And that damage to the base comes on top of the alienation of reality-based and process conservatives and libertarians, and of whatever the incident might have done to mobilize Democrats.
Kevin Drum recently took note of the same phenomenon, and observed that the spin now seems to be that the President was reluctant to take the action he did. Of course, the fact that he interrupted his vacation for the first time ever in order to gly to Washington to sign the bill makes that claim stretch credulity even further than this Administration usually does.
Three reasons to like Louisville: 1. They're scrappier. This is partly because the Cardinals have to be, but I'm not sure Illinois has faced a team that attacks at both ends of the floor the way the Cards do. This team has talent, but outside of freshman Juan Diego Palacios, none of Louisville's players were considered plum recruits. The Cards embrace being slighted -- witness their reaction to getting a No. 4 seed in the tournament -- and this is a rare opportunity for them to play the role of underdog. It fits them well.
2. Francisco Garcia's passing ability. We all know Garcia can shoot, but his ability to create scoring opportunities off the dribble is what sets Louisville apart. The guys catching those passes -- usually Taquan Dean and Larry O'Bannon -- are deadly if given clean looks. And how many times this season has Illinois played a team with a perimeter trio comparable to the Illini's three-headed monster?
3. Louisville's zone is tough to beat. You might think a zone is the worst defense to throw at the Illini given the way they shoot it, but because Illinois doesn't have a reliable post scorer, its guards are dependent on dribble penetration to create scoring opportunities. A zone is designed to prevent penetration. The Cardinals have played zone for most of the season, so they know how to help on penetration while still closing out on open shooters. If they disrupt Illinois' rhythm, it will really work to their advantage.
The pick: I'm actually tempted to go with Louisville here, but the Cardinals' lack of inside scoring keeps me from doing so. Unlike Arizona center Channing Frye, who gave the Illini all sorts of trouble around the basket, Louisville's Ellis Myles is a rebounder/passer with limited post moves. If you can't take advantage of the Illini's biggest weakness, it's that much harder to counter their strengths.
Here's an article in the Louisville Courier-Journal reinforcing the notion that the Cards prefer the underdog spot. Of course, that contention also reinforces the perception that the Cardinals are, in fact, the underdogs in Saturday's game -- not that I disagree.
Yesterday I dropped into Best Buy to blow a little Easter money. In addition to $10 DVDs of The Last Starfighter and Godzilla vs Gigan and a $10 copy of the PS2 game Hunter: The Reckoning - Wayward, I grabbed a special freebie preview DVD of the Sin City movie. What did I think? The verdict is posted at Destroy All Monsters. Suffice it to say, I don't think comic fans need to worry about another cinematic disappointment.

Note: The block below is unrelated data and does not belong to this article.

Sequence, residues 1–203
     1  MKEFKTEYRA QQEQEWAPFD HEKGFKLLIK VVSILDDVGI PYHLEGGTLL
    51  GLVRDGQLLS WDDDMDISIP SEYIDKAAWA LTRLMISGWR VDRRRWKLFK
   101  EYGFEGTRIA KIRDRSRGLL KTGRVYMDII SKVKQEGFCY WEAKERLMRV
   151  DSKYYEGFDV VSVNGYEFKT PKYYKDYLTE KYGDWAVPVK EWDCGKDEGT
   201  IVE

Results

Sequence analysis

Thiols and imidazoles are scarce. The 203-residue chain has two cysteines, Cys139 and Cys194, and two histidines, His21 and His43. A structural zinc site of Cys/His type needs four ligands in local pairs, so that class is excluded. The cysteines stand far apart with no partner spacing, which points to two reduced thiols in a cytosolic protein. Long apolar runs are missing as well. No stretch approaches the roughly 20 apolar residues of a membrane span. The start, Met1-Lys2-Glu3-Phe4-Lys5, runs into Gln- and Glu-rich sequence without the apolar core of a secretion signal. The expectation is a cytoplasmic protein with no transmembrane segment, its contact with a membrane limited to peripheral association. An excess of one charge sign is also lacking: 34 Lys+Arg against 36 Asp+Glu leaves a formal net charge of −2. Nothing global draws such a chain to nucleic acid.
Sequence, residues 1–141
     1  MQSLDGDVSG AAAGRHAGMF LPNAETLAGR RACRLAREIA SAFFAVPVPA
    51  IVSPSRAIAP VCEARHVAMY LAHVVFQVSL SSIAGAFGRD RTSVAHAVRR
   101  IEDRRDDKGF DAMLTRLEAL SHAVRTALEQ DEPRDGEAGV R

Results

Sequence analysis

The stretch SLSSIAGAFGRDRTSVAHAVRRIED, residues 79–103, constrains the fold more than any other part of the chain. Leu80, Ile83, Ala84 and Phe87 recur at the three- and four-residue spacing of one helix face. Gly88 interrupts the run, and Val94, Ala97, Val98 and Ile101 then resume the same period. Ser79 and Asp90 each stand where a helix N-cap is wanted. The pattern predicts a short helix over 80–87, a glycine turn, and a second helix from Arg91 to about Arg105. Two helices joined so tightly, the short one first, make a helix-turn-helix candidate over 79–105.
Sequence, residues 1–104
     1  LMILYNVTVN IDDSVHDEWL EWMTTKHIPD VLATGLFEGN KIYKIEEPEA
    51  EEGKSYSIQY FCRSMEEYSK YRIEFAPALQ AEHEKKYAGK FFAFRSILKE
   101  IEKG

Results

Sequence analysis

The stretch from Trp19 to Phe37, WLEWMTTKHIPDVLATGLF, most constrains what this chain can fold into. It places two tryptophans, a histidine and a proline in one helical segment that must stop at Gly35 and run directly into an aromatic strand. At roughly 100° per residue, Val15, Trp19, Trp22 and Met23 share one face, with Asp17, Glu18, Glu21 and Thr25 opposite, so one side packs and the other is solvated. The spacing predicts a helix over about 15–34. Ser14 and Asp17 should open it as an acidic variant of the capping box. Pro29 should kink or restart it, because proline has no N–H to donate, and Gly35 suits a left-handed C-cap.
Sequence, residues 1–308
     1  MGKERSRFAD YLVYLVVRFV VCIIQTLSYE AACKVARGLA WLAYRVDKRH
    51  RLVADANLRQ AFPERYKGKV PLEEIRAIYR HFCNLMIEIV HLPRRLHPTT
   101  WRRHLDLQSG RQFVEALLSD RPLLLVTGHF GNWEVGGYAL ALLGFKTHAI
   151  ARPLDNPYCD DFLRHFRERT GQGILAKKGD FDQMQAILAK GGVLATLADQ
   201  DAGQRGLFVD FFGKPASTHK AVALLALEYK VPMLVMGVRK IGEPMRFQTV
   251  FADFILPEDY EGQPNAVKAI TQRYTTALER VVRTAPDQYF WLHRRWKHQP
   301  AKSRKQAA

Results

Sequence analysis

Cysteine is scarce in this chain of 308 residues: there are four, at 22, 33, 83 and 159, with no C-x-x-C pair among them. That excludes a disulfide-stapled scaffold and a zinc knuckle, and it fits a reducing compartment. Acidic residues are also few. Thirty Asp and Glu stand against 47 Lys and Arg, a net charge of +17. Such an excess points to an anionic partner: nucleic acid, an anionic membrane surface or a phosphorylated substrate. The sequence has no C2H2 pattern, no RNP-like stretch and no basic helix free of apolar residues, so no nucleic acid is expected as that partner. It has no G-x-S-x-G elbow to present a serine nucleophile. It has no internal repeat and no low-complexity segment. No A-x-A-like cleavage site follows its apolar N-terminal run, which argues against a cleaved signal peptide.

So much for not paying attention to polls. The Washington Post notes that after interrupting his vacation for the first time ever in order to sign extraordinary legislation calling for a Federal do-over in a legally settled family matter -- a move that has proved massively unpopular, even among many Republicans -- President Bush has been laying low.
in the week since, President Bush has retreated back to his ranch and remained largely out of sight as the nation wrestled with the great moral issues surrounding the fate of Terri Schiavo.
The president has said nothing publicly about the bitterly contested case since Wednesday, when reporters asked about it and he said he had exhausted his powers to intervene. On Saturday, as he used his weekly radio address to express condolences to the victims of a school shooting in Minnesota and extol a "culture that affirms life," he did not mention the most prominent culture-of-life issue in the public eye.
The juxtaposition of racing through the night in Air Force One to sign legislation intended to force doctors to reinsert Schiavo's feeding tube and choosing not to use his bully pulpit to advocate for her life afterward demonstrates how uncomfortable the matter has become for the White House. For years, Bush has succeeded politically in stitching together the disparate elements of the conservative movement, marrying the libertarian and family-values wings of his party. Now he faces a major Republican rupture.
Polls show the vast majority of Americans, including conservatives and evangelical Christians, disapprove of the decision by Bush and Congress to get involved in the Schiavo matter. And more worrying for the White House, those polls have also shown a significant drop in Bush's overall approval ratings.
"It's been a very sticky issue for the president," said Stephen Moore, a Bush ally and president of the Free Enterprise Fund, which promotes limited government. "I think no matter what course he took, he was going to come under criticism. I personally believe Bush would have been better off not intervening at all."
The case came at a time when Bush was struggling to sell his plan to overhaul Social Security. "This is the second bad thing to happen to him this year, Social Security being the first," said Andrew Kohut, executive director of the Pew Research Center for the People and the Press. "We've had a week that I don't think they can count on advancing their agenda."
Again, the rifts between the religious right and the more moderate elements of the Republican Party begin to show. Bush has demonstrated for the world to see that he can't be moved to roust himself from vacation for a Presidential Daily Brief warning that al Qaeda plans to hijack aircraft, but that he'll scurry to Washington to perform a high-profile favor for the funamentalist wing of his party. After Terri Schaivo finally finds the peace she said she would have wanted, the religious right is unlikely to be satisfied with a "we tried" attitude from the politicians that failed to deliver a win for them. No, they'll likely demand even more high-profile power-grabs from legislatures and executives. Although Bush clearly wants -- far from showing the "leadership" his minions keep telling us he embodies -- to pretend he never took any active stance on the Schaivo case, the choice between appeasing the fundamentalist wing over the objections of the more libertarian-oriented in his party won't go away.